Saturday, February 23, 2013

Salmon Curry with Vegetables

This gets full marks in all the important categories: tasty, quick, frugal, healthy, and sustainable. The only hurdle, for people unfamiliar with canned salmon, is the horrific sight that confronts you when you open the can. There is slimy skin, there is mysterious orange oil floating on top of a grey liquid that smells of cheap cat food, and there are bones that look like they'd be more comfortable in a natural history museum. But persevere! Canned salmon is generally (always?) wild caught from sustainable fisheries, it's full of healthy fats, and those creepy bones are soft enough to eat. Just crush them between your fingers and throw them into the mix. They're a great source of calcium. The omega-3-full orange oil should get used too, so don't pour off the liquid. It mixes right into the curry sauce.

Salmon Curry with Vegetables
serves three or four

4 cloves garlic, minced
1 tablespoon minced ginger
1 tablespoon oil
2 tsp curry powder

1 15-oz can coconut milk

1 tablespoon fish sauce (or more to taste)
1 tablespoon lime juice (or more to taste)
2 tsp sugar

1 bunch asparagus, trimmed and chopped (2 or 3 cups)
one red pepper, chopped

one bunch of scallions, chopped
1 7-oz can red salmon (skin chopped up, bones squished into bonemush, flesh gently flaked)

Heat your largest frying pan. Fry the garlic and ginger in the oil. Once it's soft and fragrant, add the curry powder and let it toast in the oil for a few minutes, until it's a little darker. Stir in the coconut milk, fish sauce, lime juice, and sugar.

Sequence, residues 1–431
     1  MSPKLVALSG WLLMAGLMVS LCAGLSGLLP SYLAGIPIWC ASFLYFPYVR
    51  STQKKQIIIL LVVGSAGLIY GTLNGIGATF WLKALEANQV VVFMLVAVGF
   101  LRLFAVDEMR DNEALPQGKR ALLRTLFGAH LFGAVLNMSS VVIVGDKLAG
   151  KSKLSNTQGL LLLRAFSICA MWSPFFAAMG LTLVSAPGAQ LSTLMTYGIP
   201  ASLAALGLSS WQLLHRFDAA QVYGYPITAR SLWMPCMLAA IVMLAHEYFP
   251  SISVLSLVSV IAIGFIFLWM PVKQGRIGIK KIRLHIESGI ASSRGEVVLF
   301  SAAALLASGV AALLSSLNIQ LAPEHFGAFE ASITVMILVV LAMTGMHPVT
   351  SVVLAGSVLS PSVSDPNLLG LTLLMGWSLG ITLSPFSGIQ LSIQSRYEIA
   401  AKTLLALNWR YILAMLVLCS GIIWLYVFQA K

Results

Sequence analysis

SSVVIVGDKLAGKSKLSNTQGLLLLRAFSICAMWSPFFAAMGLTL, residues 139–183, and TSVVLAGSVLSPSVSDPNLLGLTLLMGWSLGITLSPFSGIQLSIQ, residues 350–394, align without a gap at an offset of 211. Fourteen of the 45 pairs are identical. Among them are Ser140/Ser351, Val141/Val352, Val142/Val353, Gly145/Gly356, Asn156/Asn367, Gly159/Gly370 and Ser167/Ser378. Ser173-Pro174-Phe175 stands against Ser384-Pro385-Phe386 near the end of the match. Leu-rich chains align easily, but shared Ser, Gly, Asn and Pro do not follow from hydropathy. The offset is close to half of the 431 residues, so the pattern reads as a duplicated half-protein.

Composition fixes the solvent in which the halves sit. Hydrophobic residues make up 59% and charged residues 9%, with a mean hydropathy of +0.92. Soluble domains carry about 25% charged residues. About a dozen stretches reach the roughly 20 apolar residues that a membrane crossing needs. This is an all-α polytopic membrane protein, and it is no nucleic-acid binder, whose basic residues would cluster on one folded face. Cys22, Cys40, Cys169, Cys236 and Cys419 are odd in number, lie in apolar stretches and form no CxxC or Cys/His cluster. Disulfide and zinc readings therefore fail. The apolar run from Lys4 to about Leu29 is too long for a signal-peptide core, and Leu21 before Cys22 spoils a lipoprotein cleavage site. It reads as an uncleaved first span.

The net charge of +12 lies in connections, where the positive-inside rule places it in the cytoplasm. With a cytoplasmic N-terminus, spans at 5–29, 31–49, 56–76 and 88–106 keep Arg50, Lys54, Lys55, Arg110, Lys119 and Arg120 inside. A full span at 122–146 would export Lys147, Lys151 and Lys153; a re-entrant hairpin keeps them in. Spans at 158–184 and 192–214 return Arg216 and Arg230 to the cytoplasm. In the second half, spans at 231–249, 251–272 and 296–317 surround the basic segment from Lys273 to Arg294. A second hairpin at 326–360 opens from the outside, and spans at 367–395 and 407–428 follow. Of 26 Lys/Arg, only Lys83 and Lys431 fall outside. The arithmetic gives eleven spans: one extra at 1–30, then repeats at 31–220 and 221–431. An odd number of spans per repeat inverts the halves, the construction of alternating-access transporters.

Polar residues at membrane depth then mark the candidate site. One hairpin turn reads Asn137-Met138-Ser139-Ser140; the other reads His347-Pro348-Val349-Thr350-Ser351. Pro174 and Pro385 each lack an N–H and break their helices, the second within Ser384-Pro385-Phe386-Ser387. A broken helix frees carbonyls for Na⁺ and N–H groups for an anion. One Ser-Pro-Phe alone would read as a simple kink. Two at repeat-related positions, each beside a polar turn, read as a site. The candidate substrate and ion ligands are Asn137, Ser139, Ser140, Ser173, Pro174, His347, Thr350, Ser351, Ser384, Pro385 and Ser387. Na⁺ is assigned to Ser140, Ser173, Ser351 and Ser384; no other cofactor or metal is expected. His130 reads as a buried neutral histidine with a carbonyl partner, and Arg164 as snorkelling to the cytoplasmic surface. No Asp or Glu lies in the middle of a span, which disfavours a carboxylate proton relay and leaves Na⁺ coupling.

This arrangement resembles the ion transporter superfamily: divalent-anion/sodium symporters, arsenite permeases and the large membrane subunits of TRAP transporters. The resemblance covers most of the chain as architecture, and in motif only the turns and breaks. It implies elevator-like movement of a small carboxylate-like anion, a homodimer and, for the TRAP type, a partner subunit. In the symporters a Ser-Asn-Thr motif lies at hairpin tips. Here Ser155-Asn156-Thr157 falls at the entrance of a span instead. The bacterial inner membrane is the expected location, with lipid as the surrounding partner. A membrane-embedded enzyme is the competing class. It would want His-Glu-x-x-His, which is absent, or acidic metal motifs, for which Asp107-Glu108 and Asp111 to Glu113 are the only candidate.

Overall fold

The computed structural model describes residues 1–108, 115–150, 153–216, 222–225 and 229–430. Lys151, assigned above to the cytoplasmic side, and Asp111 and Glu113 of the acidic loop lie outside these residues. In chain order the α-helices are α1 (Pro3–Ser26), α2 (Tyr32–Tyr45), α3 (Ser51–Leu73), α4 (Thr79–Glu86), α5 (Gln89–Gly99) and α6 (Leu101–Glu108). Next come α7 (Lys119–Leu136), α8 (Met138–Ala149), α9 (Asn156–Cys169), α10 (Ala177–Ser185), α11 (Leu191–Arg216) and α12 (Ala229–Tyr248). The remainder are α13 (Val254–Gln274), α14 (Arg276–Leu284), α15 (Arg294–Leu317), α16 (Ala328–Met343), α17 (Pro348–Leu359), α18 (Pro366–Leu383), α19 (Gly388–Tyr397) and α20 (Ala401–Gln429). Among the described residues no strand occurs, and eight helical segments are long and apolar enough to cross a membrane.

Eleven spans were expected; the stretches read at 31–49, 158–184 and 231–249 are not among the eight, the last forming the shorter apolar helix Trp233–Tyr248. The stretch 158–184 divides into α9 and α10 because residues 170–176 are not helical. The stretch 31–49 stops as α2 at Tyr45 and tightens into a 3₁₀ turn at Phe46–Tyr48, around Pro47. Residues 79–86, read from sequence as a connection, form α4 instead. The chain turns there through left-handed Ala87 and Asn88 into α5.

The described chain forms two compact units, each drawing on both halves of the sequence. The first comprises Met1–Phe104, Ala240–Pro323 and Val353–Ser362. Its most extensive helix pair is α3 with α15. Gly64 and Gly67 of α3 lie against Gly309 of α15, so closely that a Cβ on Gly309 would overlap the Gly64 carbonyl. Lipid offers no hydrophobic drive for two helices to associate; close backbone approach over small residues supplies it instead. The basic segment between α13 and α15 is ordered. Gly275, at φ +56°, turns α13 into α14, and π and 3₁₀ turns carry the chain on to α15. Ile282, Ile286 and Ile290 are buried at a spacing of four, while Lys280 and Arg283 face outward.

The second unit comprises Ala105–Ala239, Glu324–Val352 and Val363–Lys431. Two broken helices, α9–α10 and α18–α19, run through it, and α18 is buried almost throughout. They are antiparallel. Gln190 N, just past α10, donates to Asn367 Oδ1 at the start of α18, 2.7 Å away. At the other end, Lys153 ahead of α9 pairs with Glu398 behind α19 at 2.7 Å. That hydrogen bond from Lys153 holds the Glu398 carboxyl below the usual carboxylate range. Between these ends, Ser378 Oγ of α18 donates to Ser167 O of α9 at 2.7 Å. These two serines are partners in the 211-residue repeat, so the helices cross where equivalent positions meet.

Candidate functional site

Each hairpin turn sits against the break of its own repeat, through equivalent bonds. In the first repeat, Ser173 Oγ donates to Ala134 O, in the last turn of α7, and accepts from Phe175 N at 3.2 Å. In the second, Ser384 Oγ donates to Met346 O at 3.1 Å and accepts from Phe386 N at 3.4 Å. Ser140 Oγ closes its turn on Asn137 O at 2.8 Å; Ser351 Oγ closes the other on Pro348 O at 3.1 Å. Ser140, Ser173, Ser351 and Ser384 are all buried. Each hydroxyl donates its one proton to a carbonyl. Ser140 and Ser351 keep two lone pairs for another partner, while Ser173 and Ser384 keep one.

Let it reduce a little bit while you prep the vegetables. Once you're practically ready to eat, heat the sauce to a wild boil, and toss in the asparagus. Once it's heated through, toss in the red pepper. Once that's hot, stir in the salmon and scallions. Serve with rice.

Going Out For Lunch! Or, Fish Cakes

Step One: Give up eating meat for Lent (fish is okay).

Step Two: Find yourself (with spouse and child) downtown at lunchtime, chilly and peckish.

Step Three: Try to find a place that is open, has some food that includes a pescatarian option, and is willing and able to cook and sell this food.

Step Four: Give up on Step Three. For extra credit, avoid familial squabbles!

Step Five: Take the bus home and make fish cakes for lunch.

Easy Fish Cakes
1/2 lb mild white fish, cooked and flaked
1/3 cup panko
2 teaspoons fish sauce
1 egg
1/4 tsp garlic powder

Combine, form into small cakes, and fry in a little oil until golden brown. Eat with leftover sauteed greens, avocado slices, and peanut sauce. Vow to never again eat restaurant food.

Friday, February 01, 2013

Noisy Village Dumplings

Cleo likes to listen to audio books when she's sick. Well, she likes to listen to one audio book: Astrid Lindgren's The Children of Noisy Village. After listening to the whole two-hour book as many times as she's had a cold this winter (so, so many times), I suggested a few other options.

No. Noisy Village or nothing. So, by now, I could probably recite the whole thing from memory. Let's see... "My name is Lisa, and I am nine years old. I am a girl, which you can tell by my name." I could go on. I will not. It's a sweet story, about six Swedish children growing up in the countryside and their antics and accomplishments.

In one chapter, there's a dramatic snow storm, through which the children must walk home from school. They struggle through the snow, get rescued in a horse-drawn sleigh, and go home for hot beef broth and dumplings. This inspired Cleo's first book-induced food craving. She requested it for dinner, with great enthusiasm and shining eyes, and (with the help of the internet, the freezer and the pantry) we were eating it a couple hours later.

I guess Swedish dumplings are usually potato-based, but I was limited to flour-and-egg dumplings, so I tracked down and adapted this recipe. I doubt there's anything Swedish about it, but it was delicious, frugal, easy, and a great parent-child kitchen project (especially if you use a plastic pizza wheel to cut the dough). They're like thick, chewy, tender noodles. I have no idea how they are the next day, since we inhaled them.

Flat Dumplings for Soup
serves two or three

1.25 cups white whole wheat flour, plus extra for rolling out
1/2 tsp salt
2 eggs
4 tablespoons oil
3 tablespoons water